“I remain hopeful because I have seen people come together who I thought would never come together. I’ve seen work happen that I thought would never be accomplished.”
This hope magnifies itself in much of the work Pahoua Hoffman does as the executive director of the Citizens League, a St. Paul-based nonpartisan group which works to engage citizens in the policymaking process.
The terminology of “policymaking” carries with it, for most of us, tones of dryness, technically unnavigable bureaucracy and far-removed rules.
But as Pahoua says, we all make policy every day. We set rules for ourselves, in our families, in our workplace, at home. We’re making decisions every day.
Her work is centered around making the idea of policy accessible.
One year after her birth in Laos during the Vietnam War, she came with her parents to America. She grew up learning English and became the translator for her parents. At 10 years old, she was translating mortgage documents and health records. The burden of this task was exaggerated by the fact that she knew none of her Ohioan peers had to do the same.
She was always careful to ensure that it was her parents that made the final decision. It wasn’t her job to make the decision for them. She was there to facilitate their understanding.
This principle guides the work she does every day. “The Citizens League is not in the business of changing people’s minds. We are in the business of educating people so they can make up their own mind. There’s something really freeing about that.”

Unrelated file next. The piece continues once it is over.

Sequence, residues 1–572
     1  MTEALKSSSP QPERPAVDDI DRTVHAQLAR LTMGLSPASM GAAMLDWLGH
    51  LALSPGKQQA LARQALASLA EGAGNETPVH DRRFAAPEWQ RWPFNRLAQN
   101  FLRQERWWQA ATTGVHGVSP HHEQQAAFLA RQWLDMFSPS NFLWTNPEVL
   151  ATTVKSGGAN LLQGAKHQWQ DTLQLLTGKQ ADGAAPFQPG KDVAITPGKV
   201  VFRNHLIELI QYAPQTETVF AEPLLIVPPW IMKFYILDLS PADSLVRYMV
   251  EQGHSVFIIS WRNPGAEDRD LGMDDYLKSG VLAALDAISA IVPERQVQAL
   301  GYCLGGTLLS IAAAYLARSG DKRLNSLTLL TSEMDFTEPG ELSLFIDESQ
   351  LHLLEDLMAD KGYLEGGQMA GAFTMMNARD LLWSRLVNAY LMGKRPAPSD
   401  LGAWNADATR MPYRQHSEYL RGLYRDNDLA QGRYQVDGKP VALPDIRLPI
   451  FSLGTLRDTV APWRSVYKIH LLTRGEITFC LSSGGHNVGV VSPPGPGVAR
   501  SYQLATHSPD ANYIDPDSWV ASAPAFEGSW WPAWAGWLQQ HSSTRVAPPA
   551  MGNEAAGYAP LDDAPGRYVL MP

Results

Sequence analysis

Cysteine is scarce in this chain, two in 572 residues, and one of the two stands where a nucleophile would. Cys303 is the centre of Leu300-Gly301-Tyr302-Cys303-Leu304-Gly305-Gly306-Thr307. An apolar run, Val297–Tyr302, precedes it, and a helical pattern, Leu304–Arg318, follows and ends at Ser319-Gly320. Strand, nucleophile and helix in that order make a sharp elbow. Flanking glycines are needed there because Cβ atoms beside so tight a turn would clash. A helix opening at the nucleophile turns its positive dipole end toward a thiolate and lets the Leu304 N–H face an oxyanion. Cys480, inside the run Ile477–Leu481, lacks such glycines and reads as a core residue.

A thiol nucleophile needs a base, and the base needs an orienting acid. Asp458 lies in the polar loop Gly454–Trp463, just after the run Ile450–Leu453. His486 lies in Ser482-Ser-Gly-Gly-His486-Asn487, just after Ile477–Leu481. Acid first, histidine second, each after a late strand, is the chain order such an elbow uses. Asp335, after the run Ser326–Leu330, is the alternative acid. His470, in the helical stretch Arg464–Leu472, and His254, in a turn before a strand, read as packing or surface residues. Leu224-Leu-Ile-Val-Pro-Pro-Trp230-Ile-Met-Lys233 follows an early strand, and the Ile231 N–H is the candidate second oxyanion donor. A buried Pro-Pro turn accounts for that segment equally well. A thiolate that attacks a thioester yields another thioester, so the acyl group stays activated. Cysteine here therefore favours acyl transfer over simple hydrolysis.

It all comes back to activating a sense of agency in individuals. Change is made possible by hope. Without agency, there’s no hope. It’s the fuel for change.
Every project that the Citizens League works on starts with a “discovery phase.” A group of diverse individuals is assembled to explore and learn about the intricacies of an issue. They work to include people with a spectrum of knowledge from experts to citizens who know nothing about the issue. Having this spectrum encourages a beautiful process of learning together. It’s an exercise in suspending judgment and opinion.
Then the storytelling begins. It’s stories that bridge the big picture with the personal and provoke the impetus for change.
The work of the Citizens League is as much or more about the process as it is about arriving at a conclusion.
Ensuring that the process respects everybody’s perspective ensures that everyone gets heard. It’s not about winning the argument. It’s about finding the best solution.
Central to this work is being comfortable with ambiguity. All Citizens League projects begin without knowing how they’re going to end and the issues they tackle are big ones. Some current examples of projects are city transit, the St. Paul minimum wage, and planning for an expanding aging population.
Through studies, reports, civil dialogues, education and lobbying at the state capitol, the Citizens League works to advocate for better policymaking on behalf of the citizens. Furthermore, in adopting policy positions, they remain open to changing their viewpoints.
Upon the discovery of new or unrecognized information, their recommendations and stances may change. They maintain intellectual flexibility. In a climate where we often equate a change of mind with an abdication of principle and identity, this is a breath of fresh air.
Humility. Our world seems so frightened by it. It’s this fear that has us so divided. Instead of admitting our faults and our fallibility, we often double down, thus becoming more entrenched. We get stuck. We assume our opponents’ agency to be a threat to our own.
The work of the Citizens League goes beyond highlighting the agency of each individual. It’s about creating a sense of ownership, a sense that we each have a responsibility and vested interest in bettering the world and environment in which we live.
It’s about the moments of coming together when collaboration seemed impossible.